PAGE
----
Credit: Pinterest

Business reports aim to analyze a situation or case study by implementing business theories and suggest improvements accordingly. In business report writing, you must adhere to a formal style of writing and these reports are usually lengthier than news reports since they aim to assess a particular issue in detail and provide solutions. The basic structure of business reports includes:

  • Table of Contents
  • Executive summary
  • Findings/Recommendations

The main purpose of the technical report is to provide an empirical explanation of research-based material. Technical report writing is generally carried out by a researcher for scientific journals or product development and presentation, etc. A technical report mainly contains 

  • Introduction
  • Experimental details
  • Results and discussions
  • Body (elaborating upon the findings)

Must Read: IELTS Writing Tips

A report is a written record of what you’ve seen, heard, done, or looked into. It is a well-organized and methodical presentation of facts and results from an event that has already occurred. Reports are a sort of written assessment that is used to determine what you have learned through your reading, study, or experience, as well as to provide you with hands-on experience with a crucial skill that is often used in the business.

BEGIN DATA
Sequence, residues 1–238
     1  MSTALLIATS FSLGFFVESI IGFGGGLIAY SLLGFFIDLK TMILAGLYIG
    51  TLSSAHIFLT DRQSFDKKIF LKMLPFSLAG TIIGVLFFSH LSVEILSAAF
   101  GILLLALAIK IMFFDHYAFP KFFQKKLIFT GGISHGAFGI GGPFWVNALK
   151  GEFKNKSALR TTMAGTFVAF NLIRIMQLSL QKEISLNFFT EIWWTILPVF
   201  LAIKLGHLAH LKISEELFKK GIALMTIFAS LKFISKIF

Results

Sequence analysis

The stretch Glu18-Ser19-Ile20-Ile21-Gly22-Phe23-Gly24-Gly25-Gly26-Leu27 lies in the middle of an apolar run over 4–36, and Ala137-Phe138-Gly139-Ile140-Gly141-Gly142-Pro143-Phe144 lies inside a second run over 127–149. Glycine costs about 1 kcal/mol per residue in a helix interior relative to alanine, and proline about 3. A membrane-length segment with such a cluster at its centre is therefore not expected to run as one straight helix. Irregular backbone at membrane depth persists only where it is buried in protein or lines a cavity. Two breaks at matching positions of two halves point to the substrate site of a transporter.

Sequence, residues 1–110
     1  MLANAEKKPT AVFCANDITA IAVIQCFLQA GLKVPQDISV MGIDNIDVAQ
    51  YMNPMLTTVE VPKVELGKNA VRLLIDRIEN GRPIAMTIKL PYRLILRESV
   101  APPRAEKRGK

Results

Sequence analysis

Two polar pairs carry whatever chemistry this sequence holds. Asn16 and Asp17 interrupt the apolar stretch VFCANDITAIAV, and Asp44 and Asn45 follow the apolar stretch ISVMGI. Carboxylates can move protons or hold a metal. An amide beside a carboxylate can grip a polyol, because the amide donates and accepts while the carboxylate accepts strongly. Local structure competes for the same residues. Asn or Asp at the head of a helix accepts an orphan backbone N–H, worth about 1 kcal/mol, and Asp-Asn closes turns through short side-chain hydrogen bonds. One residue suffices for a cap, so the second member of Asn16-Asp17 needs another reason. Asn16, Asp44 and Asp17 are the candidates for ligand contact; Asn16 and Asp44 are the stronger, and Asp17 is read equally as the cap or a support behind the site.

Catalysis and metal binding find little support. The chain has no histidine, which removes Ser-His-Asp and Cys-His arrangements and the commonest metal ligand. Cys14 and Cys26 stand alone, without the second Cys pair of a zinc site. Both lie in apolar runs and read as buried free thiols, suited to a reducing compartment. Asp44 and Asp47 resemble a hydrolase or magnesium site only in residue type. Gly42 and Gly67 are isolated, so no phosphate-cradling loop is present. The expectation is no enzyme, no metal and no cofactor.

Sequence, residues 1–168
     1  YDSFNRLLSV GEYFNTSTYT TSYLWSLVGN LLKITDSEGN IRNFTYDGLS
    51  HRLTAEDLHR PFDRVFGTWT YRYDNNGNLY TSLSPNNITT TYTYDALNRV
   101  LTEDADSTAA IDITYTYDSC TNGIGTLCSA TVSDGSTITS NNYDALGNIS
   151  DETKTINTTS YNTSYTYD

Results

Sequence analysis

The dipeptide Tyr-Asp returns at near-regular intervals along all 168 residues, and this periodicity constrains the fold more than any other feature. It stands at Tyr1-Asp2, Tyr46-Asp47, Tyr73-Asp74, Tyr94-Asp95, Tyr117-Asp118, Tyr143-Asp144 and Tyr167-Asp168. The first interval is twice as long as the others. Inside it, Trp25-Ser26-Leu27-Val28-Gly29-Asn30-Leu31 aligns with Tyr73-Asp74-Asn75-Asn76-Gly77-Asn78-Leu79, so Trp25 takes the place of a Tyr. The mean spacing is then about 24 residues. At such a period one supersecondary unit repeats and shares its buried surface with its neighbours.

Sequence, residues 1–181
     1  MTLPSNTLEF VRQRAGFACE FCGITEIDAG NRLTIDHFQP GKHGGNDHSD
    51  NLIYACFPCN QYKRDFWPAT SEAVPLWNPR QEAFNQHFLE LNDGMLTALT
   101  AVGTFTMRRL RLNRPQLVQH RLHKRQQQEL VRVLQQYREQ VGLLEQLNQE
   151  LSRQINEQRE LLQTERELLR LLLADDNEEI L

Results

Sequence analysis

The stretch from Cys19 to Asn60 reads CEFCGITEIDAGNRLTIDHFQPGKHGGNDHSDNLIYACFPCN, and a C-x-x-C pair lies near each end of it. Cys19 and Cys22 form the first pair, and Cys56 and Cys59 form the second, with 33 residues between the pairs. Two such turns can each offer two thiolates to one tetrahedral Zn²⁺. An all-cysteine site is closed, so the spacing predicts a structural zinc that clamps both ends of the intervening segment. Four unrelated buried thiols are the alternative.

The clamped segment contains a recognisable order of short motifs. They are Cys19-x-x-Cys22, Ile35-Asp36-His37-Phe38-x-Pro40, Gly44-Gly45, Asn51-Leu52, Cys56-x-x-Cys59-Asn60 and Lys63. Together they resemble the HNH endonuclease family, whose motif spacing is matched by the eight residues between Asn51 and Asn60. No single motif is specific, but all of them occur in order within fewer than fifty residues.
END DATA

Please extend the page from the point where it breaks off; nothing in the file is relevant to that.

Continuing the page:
Before writing a report, there are certain things you must know to ensure that you draft a precise and structured report, and these points to remember are listed below:

  • Write a concise and clear title of the report.
  • Always use the past tense.
  • Don’t explain the issue in the first person, i.e. ‘I’ or ‘Me’. Always write in the third person.
  • Put the date, name of the place as well as the reporter’s name after the heading.
  • Structure the report by dividing it into paragraphs.